Aug 1, 2008, 8:38 AM
The 2013 report, the latest of such reports published, stated that HIV prevalence is high among divorced women - separated or widowed.It also stated that 1.9 per cent of Gambian adults age 15-49 are HIV-positive whilst 2.1 per cent of women and 1.7 per cent of men are HIV-positive.
It indicated that HIV prevalence is high in Mansakonko (2.9 per cent) and low in Banjul (1.1 per cent).
The report further revealed that infant mortality rate stood at 34 deaths per 1,000 live births and under 5 mortality rates at 54 deaths per 1,000 live births.
The report also gave some clear factors mainly contributing to this pattern of health condition and demographic situation.
For instance, it indicated that childhood mortality is lower among children of more educated mothers and those from wealthier households, while mortality is higher among children born less than 2 years after a previous birth.
These are really pointers showing that there are many gaps in the socio-economic drive of our society.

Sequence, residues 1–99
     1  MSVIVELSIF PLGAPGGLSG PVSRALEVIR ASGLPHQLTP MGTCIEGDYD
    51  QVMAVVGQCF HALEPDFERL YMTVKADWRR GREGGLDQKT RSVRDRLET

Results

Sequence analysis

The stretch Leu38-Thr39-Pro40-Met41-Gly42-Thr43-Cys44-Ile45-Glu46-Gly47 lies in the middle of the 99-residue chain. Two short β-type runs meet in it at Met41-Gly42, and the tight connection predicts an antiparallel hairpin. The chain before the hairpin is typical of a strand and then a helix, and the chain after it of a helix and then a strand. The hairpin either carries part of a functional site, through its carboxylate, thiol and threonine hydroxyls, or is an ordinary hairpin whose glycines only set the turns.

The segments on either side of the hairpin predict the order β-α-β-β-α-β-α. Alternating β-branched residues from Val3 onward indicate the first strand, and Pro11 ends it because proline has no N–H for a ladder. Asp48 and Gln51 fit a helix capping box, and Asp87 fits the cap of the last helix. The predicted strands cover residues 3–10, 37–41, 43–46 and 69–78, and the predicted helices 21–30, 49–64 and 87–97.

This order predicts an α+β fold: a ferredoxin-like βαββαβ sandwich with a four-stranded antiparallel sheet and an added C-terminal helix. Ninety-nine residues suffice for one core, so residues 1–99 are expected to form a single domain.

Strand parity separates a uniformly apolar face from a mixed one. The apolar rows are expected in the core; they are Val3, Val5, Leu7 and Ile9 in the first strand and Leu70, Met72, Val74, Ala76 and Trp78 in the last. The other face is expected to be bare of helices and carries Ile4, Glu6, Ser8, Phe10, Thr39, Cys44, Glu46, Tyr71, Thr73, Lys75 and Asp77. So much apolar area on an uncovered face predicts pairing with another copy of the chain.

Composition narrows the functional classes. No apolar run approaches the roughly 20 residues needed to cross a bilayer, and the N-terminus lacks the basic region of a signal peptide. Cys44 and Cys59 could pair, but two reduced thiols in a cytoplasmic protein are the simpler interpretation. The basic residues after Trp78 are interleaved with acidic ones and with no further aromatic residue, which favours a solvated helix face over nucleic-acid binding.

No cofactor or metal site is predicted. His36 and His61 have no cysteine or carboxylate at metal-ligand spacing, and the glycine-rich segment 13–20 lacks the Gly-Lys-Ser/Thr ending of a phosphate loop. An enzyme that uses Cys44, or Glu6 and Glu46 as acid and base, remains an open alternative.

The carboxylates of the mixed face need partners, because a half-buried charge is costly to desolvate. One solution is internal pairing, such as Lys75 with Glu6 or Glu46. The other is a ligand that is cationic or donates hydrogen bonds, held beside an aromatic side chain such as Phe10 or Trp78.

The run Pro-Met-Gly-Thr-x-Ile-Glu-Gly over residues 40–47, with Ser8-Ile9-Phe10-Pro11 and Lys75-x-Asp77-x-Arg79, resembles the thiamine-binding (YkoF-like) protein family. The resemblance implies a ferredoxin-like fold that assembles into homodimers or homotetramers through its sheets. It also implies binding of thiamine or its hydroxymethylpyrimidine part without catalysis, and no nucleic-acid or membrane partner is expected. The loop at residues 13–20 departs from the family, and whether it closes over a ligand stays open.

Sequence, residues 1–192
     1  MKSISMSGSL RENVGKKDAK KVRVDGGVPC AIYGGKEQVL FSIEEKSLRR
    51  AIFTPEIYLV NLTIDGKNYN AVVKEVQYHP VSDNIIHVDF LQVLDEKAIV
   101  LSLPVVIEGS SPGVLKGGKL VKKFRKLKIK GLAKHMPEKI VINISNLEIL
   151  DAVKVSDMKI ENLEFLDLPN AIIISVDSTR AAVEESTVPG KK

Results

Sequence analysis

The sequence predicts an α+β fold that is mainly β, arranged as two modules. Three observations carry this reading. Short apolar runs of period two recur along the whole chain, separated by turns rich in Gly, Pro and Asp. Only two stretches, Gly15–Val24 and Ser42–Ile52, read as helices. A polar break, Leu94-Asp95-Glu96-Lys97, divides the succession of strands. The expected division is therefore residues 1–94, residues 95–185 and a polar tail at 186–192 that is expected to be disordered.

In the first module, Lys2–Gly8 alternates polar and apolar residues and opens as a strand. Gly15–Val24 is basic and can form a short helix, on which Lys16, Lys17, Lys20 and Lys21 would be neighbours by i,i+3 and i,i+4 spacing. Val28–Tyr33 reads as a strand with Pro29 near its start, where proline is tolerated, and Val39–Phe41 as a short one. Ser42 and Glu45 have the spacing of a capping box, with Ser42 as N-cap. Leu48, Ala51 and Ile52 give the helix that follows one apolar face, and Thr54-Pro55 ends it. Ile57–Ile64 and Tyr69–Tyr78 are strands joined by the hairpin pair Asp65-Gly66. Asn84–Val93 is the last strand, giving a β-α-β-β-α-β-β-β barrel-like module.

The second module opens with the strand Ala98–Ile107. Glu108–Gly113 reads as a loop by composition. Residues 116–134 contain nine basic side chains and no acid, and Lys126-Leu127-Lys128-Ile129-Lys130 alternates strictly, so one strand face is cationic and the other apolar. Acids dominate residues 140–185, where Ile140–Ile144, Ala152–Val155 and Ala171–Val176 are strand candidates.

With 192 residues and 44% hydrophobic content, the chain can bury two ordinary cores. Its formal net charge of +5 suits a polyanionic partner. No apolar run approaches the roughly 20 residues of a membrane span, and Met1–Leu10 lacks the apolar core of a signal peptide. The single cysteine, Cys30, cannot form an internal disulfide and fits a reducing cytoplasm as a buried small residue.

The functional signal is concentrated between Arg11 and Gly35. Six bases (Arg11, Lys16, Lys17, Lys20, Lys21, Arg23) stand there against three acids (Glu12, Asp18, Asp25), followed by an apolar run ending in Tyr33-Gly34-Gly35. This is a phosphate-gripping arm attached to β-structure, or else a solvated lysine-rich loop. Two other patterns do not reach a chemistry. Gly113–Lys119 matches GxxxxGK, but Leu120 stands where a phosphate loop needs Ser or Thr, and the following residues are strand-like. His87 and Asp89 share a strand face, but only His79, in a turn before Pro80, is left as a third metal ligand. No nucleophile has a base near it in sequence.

It ranges from the fact that broken marriages especially are contributing to the increase of HIV infection in our society, as increasing numbers of women and men continue to divorce, making most of such women vulnerable to HIV infection.
Furthermore, it also explains the fact that poverty and lack of education are playing a great role in exacerbating the spread of the disease in the country, and increase childhood mortality.
“Childhood mortality is lower among children of more educated mothers and those from wealthier households, while mortality is higher among children born less than 2 years after a previous birth,” the report stated.
So it is clear that decision makers do not need to look too far for the causative factors of the problems of our society and how to tackle them.
It is, therefore, interesting to note, as the report indicates, that the primary objective of the 2013 GDHS – Gambia Demographic and Health Survey - was to provide up-to-date information on fertility and family planning behaviour, child mortality, adult and maternal mortality, children’s nutritional status, maternal and child health, domestic violence, knowledge of HIV/AIDS, prevalence of HIV/AIDS, anaemia, and malaria.
More, therefore, needs to be done to improve our health condition and tackle some negative demographic issues.
“To keep the body in good health is a duty... otherwise we shall not be able to keep our mind strong and clear.”